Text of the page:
Negative cash flow occurs when a business has more outgoing money than incoming money. New companies and startups are typically cash flow negative, while creditors and financiers are willing to overlook this in the early stages of a company’s life cycle – eventually, these companies need to move towards being cash flow positive to receive additional funding.

Negative Covenant

Negative covenants are restrictions placed on a borrower that restricts certain actions or behaviors. Examples of negative covenants can include: non-compete agreements that prevent a company from competing directly with another business for a specific period or a non-disclosure agreement that prevents a company from sharing trade secrets and proprietary information. 

Net Income

Net income, also referred to as net earnings, is calculated as sales minus cost of goods sold, selling, general and administrative expenses, operating expenses, depreciation, interest, taxes, and other expenses. Net Income is a proxy for a company’s profitability and is a business metric investors may use to evaluate how much revenue exceeds the expenses of a company.

Net Profit

Net profit is the amount of money a business earns after deducting all operating, interest, and tax expenses over a fixed period of time. In order to determine net profit, you need to know a company’s gross profit.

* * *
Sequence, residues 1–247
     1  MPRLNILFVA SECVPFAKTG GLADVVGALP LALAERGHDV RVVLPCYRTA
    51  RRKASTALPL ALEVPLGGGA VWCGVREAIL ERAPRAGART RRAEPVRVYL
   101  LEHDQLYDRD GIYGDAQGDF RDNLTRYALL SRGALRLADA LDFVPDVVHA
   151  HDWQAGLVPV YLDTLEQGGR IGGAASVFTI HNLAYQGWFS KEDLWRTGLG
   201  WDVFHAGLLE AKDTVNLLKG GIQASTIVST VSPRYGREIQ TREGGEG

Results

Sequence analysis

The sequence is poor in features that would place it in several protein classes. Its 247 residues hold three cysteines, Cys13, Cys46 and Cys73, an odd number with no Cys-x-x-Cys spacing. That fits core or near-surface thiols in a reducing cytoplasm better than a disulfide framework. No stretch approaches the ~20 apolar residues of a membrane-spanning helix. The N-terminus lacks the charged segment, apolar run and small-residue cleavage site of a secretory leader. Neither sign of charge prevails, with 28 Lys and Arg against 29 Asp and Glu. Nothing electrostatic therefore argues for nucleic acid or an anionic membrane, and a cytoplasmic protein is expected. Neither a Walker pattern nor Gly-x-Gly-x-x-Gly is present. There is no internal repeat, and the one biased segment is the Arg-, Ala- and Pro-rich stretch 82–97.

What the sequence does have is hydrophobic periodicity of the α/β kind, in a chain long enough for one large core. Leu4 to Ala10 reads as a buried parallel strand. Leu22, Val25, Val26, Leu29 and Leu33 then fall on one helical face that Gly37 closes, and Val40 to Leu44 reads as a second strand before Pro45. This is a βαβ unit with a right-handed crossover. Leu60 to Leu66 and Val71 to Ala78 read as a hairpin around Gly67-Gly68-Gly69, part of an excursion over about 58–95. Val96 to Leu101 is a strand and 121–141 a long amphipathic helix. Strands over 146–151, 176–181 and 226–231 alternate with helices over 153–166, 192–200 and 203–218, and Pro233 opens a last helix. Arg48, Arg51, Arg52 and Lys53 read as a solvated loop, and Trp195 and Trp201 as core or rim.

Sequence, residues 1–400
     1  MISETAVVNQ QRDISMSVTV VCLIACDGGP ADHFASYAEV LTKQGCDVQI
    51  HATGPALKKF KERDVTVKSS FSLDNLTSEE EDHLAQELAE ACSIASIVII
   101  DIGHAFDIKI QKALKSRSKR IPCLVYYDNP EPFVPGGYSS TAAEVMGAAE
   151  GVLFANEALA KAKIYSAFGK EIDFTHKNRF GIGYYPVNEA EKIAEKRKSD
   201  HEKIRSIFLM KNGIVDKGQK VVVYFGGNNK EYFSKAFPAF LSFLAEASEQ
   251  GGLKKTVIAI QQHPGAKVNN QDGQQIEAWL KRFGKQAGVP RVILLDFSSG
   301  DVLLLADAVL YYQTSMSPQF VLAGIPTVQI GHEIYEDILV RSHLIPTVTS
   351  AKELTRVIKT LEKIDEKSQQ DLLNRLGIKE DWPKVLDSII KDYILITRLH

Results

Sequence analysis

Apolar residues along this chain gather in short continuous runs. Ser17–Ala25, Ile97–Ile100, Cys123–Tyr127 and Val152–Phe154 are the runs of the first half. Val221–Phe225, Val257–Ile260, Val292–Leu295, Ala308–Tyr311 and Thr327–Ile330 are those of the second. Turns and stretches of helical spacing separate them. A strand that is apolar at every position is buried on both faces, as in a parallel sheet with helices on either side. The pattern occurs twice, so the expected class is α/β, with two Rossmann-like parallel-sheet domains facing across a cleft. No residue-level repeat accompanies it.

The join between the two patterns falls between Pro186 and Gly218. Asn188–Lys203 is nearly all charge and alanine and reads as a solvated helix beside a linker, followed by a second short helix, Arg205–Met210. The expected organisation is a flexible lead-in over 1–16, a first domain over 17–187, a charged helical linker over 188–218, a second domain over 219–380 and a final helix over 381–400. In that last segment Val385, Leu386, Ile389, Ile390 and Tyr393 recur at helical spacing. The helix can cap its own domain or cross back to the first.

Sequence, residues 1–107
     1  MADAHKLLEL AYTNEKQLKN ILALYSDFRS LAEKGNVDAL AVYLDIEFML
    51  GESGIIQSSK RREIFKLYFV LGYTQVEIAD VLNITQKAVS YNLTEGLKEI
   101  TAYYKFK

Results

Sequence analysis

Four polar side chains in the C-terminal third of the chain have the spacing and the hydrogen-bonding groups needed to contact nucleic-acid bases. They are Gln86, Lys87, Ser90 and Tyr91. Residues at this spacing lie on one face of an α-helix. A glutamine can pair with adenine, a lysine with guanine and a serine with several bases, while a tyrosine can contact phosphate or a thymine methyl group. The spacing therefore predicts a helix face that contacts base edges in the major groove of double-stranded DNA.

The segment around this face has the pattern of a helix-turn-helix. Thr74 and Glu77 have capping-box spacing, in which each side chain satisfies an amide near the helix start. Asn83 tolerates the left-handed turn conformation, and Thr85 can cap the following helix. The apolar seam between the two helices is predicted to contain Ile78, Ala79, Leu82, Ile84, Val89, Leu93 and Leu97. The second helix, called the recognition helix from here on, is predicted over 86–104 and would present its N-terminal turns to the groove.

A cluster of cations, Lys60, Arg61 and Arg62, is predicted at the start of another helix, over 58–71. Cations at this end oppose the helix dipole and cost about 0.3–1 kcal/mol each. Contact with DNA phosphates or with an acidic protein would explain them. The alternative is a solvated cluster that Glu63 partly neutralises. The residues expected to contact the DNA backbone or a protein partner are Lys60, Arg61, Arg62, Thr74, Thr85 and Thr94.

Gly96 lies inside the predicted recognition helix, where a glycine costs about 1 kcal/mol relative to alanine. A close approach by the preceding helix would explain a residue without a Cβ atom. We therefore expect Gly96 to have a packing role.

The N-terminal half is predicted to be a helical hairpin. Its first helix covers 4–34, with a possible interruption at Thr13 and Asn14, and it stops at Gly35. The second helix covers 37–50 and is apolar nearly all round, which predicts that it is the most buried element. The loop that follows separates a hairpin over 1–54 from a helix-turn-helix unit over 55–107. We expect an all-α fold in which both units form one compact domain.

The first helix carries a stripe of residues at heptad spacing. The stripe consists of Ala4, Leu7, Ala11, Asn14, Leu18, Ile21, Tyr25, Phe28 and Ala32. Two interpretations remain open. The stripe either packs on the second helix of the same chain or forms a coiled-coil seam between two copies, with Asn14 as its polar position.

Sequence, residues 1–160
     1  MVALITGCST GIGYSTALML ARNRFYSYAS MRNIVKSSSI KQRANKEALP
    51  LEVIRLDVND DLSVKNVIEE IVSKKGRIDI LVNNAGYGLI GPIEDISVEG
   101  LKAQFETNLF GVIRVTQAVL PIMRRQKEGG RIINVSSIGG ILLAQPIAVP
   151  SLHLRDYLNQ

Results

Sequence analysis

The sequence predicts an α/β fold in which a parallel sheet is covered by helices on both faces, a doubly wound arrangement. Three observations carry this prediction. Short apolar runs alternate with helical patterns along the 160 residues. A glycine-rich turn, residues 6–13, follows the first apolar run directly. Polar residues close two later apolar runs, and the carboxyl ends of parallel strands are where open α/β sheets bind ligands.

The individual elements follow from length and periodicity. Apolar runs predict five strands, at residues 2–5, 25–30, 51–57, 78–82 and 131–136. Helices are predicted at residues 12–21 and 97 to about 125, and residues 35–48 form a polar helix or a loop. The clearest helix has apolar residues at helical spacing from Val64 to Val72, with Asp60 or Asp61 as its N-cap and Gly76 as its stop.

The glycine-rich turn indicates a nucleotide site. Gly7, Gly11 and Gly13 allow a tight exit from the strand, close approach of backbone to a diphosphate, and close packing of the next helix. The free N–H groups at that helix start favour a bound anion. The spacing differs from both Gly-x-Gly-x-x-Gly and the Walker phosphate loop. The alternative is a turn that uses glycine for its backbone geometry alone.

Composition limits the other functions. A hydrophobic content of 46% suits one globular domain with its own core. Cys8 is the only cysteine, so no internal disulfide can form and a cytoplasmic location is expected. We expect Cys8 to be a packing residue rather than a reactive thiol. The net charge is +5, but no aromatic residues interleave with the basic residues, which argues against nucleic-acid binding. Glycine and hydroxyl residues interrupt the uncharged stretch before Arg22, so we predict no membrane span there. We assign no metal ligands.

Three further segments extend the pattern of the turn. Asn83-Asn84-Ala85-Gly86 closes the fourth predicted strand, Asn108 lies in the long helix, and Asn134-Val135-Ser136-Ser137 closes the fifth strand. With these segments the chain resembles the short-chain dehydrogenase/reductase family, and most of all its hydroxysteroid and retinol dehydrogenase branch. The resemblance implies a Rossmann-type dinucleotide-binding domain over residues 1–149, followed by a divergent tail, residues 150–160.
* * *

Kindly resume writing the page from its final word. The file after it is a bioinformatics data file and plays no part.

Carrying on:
Net profit is an important business metric that signals the profitability of a business. If the value of net profit is negative, then it is called net loss.


Net Worth

Net worth provides a quick snapshot of an entity’s financial position, the metric can be applied to corporations, individuals, countries, and even sectors. Net worth can be calculated by taking the value of all the assets an individual or corporation owns and subtracting the liabilities they owe.

No Obligation to Advance

Clause that states or prevents the lending party from making an advance payment to the borrower. 

Non Dilutive Funding

Non-dilutive funding is a financing tool businesses can deploy to fund their operations. Non-dilutive funding differs from dilutive financing options in that the business is not giving up equity (diluting their ownership) in exchange for funding.


  • No equity dilution –  Because companies aren’t giving up an ownership stake in exchange for capital, debt financing helps founders maintain control over their business. 
  • Cheaper – While debt funding has to be paid back, the overall cost is far less than equity financing as future profits are all yours.
  • Leverage – While debt financing requires revenue, it allows you to convert current and future revenue to leverage larger amounts of capital to power your  growth.


  • Debt is senior to equity in the capital structure which means debt lenders have priority in claims in the event of a bankruptcy. 
  • Harder to qualify for – Because debt lenders aim to minimize risk, qualifying for debt financing can be harder than equity financing.
  • Liability – Some lenders require a personal guarantee as a backup which could mean founders are personally liable for repayment in the event of business failure. 
  • Warrants/Covenants – Some lenders include covenants(conditions) that have to be maintained as part of their funding requirement. Common covenants include the right to purchasing equity or pre-determined debt-to-equity ratios.